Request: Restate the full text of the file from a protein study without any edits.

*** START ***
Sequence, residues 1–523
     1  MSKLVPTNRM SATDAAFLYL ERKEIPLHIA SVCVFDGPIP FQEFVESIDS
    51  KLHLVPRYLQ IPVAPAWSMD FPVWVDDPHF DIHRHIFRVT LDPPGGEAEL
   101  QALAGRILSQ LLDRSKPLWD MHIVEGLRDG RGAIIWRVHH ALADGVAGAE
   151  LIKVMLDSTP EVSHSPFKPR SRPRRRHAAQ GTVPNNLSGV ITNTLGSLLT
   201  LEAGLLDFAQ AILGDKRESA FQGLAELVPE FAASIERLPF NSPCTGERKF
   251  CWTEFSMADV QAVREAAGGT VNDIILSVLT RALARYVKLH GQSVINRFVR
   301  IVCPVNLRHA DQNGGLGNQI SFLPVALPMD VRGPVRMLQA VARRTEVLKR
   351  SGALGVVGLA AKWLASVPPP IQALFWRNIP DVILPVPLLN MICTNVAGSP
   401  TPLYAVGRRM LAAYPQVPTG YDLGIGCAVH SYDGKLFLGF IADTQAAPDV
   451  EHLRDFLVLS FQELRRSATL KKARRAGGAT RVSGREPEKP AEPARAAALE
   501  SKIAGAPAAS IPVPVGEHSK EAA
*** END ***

Sequence, residues 1–523
     1  MSKLVPTNRM SATDAAFLYL ERKEIPLHIA SVCVFDGPIP FQEFVESIDS
    51  KLHLVPRYLQ IPVAPAWSMD FPVWVDDPHF DIHRHIFRVT LDPPGGEAEL
   101  QALAGRILSQ LLDRSKPLWD MHIVEGLRDG RGAIIWRVHH ALADGVAGAE
   151  LIKVMLDSTP EVSHSPFKPR SRPRRRHAAQ GTVPNNLSGV ITNTLGSLLT
   201  LEAGLLDFAQ AILGDKRESA FQGLAELVPE FAASIERLPF NSPCTGERKF
   251  CWTEFSMADV QAVREAAGGT VNDIILSVLT RALARYVKLH GQSVINRFVR
   301  IVCPVNLRHA DQNGGLGNQI SFLPVALPMD VRGPVRMLQA VARRTEVLKR
   351  SGALGVVGLA AKWLASVPPP IQALFWRNIP DVILPVPLLN MICTNVAGSP
   401  TPLYAVGRRM LAAYPQVPTG YDLGIGCAVH SYDGKLFLGF IADTQAAPDV
   451  EHLRDFLVLS FQELRRSATL KKARRAGGAT RVSGREPEKP AEPARAAALE
   501  SKIAGAPAAS IPVPVGEHSK EAA